‘Brand Yourself’ event brings self-marketing techniques to Lakers

GVL / Luke Holmes - Students line up for registration. The career fair was held in the Devos Place Thursday, Feb. 26, 2016.

GVL / Luke Holmes – Students line up for registration. The career fair was held in the Devos Place Thursday, Feb. 26, 2016.

Riley Collins

Students venturing into the modern workplace have many marks to hit when crafting a good personal “brand.” The concept of marketing oneself has evolved in recent years to mean everything from body language during an interview to carefully organizing a personal Facebook page.

Grand Valley State University’s Future Alumni Association (FAA) and Career Center hosted an event, “Brand Yourself,” Tuesday, Nov. 15 to help students get started seriously marketing themselves. The interactive workshop was free to attend and open to all majors and minors.

Its goal was to give students tips on how to make a good impression to employers both online and in person. When FAA president Kelsey Keipert reached out to students asking what they wanted in a new future alumni event, the response pointed heavily toward education on how to better market themselves.

“We were looking for both something to give the Future Alumni Association and students as a whole,” she said. “(We were) trying to give them something new, something they haven’t had before.”

The workshop paid special attention to subjects like social media and email etiquette, common interview questions, resumes and cover letters and professional dress. These subjects may seem simple, but can make the biggest impact on employers if handled well.

“The topics we cover can be very broad, but this gets into the specifics,” said Mary Dreslinski, vice president of the FAA.

Though social media etiquette may seem like a no-brainer, there are loopholes that allow employers to accidentally find old social media profiles like Facebook even after they’ve been deactivated. For this reason, “Brand Yourself” advisers encouraged students to Google themselves occasionally to make sure nothing has crept up on the internet that shouldn’t.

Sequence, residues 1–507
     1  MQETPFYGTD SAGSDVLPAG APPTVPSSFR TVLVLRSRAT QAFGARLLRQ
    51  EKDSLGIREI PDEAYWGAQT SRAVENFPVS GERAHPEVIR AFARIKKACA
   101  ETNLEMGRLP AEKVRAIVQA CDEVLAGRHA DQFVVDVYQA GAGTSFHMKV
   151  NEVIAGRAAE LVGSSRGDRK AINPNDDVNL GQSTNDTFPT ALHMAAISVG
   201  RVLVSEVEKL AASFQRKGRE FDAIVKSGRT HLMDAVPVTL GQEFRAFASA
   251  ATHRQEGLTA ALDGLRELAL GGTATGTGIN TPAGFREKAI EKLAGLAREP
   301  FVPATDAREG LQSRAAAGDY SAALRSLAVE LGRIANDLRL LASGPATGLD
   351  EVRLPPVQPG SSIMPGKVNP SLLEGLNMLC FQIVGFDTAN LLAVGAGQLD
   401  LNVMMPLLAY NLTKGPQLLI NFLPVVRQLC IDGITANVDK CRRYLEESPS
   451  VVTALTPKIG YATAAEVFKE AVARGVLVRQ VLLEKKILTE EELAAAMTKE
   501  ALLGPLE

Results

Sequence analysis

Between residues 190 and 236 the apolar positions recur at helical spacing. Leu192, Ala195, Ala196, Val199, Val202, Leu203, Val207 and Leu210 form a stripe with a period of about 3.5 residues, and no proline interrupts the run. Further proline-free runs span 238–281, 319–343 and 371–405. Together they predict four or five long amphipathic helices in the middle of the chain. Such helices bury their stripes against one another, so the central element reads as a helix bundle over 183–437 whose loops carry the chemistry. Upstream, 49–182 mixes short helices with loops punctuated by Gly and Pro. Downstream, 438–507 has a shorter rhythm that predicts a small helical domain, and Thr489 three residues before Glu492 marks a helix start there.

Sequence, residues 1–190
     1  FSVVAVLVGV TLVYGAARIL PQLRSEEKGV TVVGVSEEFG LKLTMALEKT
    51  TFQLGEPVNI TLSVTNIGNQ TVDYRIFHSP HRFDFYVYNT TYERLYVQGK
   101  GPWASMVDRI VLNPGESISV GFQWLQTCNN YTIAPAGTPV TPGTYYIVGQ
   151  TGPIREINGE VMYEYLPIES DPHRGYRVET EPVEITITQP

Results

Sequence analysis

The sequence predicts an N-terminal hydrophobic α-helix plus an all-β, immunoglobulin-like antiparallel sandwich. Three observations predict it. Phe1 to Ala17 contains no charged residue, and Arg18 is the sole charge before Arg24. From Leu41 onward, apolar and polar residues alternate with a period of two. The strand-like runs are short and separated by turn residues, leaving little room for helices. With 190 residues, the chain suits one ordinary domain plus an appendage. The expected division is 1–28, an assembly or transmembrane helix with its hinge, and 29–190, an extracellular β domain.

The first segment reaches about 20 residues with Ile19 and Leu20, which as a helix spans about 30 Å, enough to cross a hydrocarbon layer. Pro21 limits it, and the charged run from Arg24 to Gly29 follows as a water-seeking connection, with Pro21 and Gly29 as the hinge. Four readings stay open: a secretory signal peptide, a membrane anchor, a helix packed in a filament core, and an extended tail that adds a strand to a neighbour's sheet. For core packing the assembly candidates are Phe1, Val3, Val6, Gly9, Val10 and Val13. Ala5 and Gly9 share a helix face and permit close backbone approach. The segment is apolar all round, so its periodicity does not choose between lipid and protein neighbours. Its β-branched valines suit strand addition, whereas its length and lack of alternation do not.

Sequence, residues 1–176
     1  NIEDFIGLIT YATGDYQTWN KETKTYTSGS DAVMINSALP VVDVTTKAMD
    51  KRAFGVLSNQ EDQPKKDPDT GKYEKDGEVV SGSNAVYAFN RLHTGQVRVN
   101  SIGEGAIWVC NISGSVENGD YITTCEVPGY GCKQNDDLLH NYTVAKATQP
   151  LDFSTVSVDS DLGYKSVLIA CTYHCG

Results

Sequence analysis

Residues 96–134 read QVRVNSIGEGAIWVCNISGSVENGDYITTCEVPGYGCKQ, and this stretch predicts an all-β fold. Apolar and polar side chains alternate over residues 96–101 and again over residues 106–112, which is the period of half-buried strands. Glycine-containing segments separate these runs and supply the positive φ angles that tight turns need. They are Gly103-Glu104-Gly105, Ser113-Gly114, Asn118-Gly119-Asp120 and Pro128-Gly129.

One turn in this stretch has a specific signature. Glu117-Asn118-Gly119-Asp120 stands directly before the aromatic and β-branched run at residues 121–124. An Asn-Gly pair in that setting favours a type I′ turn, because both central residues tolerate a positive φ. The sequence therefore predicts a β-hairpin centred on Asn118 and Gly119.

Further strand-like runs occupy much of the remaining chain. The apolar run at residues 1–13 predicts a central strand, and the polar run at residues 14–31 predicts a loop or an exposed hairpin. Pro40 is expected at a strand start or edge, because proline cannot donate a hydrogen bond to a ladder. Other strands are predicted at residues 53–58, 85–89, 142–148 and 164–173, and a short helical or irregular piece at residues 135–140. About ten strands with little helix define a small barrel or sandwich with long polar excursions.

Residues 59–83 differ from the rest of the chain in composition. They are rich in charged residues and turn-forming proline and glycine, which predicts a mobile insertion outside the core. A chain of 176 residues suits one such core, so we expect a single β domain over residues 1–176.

Talks also centered on common interview questions and strategies explaining how to answer them skillfully and truthfully. For many job candidates, the first interview is the most nerve-wracking and carries the most weight in the job hunting process.

“The interviewer isn’t there to intimidate you, though it may seem like it,” said Hanna Windberg, campus recruiter for Northwestern Mutual, a life insurance company. “If you’re there, they want to talk to you and are glad to have your time.”

Subjects were broken up and an adviser lead small group workshops for each section. There was also a professional photographer taking headshots for students who attended. Mini-workshops were followed by the opportunity for students to ask any questions they still had as well as interact with other attendees.

Asking questions was a common consensus among workshop advisers, all of whom are professionals in fields at GVSU or in the surrounding Grand Rapids area. It is important for job candidates to know exactly who they’re working for which means it’s fair to ask questions during interviews.

“This event gives students a straightforward way to get their questions answered in a casual environment,” Keipert said. “It gives them the chance to look at specific topics they think they need to improve on.”

If students have questions outside of interviews or regarding any job-related subject, they can go to GVSU’s Career Center. They, along with the FAA prepare events like “Brand Yourself” year round for students seeking to gain knowledge on job related topics.

For Keipert, Googling interview preparation doesn’t compare to having a trained professional there, looking students in the eye and giving them valuable advice.

Students who want to get involved on campus can also join OrgSync online to stay up-to-date on FAA events.